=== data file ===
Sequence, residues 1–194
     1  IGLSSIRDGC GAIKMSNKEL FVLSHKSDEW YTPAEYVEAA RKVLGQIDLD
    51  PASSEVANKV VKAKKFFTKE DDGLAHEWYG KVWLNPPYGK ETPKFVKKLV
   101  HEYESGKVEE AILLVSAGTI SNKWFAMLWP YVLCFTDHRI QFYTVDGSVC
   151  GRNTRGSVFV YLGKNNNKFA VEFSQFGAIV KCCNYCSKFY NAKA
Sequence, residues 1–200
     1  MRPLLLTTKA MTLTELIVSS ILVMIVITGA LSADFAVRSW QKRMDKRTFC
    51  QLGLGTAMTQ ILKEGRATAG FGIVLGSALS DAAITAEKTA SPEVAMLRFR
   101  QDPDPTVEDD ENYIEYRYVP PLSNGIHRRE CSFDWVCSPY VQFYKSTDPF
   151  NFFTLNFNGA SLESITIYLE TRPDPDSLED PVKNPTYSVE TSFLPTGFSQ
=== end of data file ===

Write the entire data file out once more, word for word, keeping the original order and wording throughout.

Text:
Sequence, residues 1–194
     1  IGLSSIRDGC GAIKMSNKEL FVLSHKSDEW YTPAEYVEAA RKVLGQIDLD
    51  PASSEVANKV VKAKKFFTKE DDGLAHEWYG KVWLNPPYGK ETPKFVKKLV
   101  HEYESGKVEE AILLVSAGTI SNKWFAMLWP YVLCFTDHRI QFYTVDGSVC
   151  GRNTRGSVFV YLGKNNNKFA VEFSQFGAIV KCCNYCSKFY NAKA
Sequence, residues 1–200
     1  MRPLLLTTKA MTLTELIVSS ILVMIVITGA LSADFAVRSW QKRMDKRTFC
    51  QLGLGTAMTQ ILKEGRATAG FGIVLGSALS DAAITAEKTA SPEVAMLRFR
   101  QDPDPTVEDD ENYIEYRYVP PLSNGIHRRE CSFDWVCSPY VQFYKSTDPF
   151  NFFTLNFNGA SLESITIYLE TRPDPDSLED PVKNPTYSVE TSFLPTGFSQ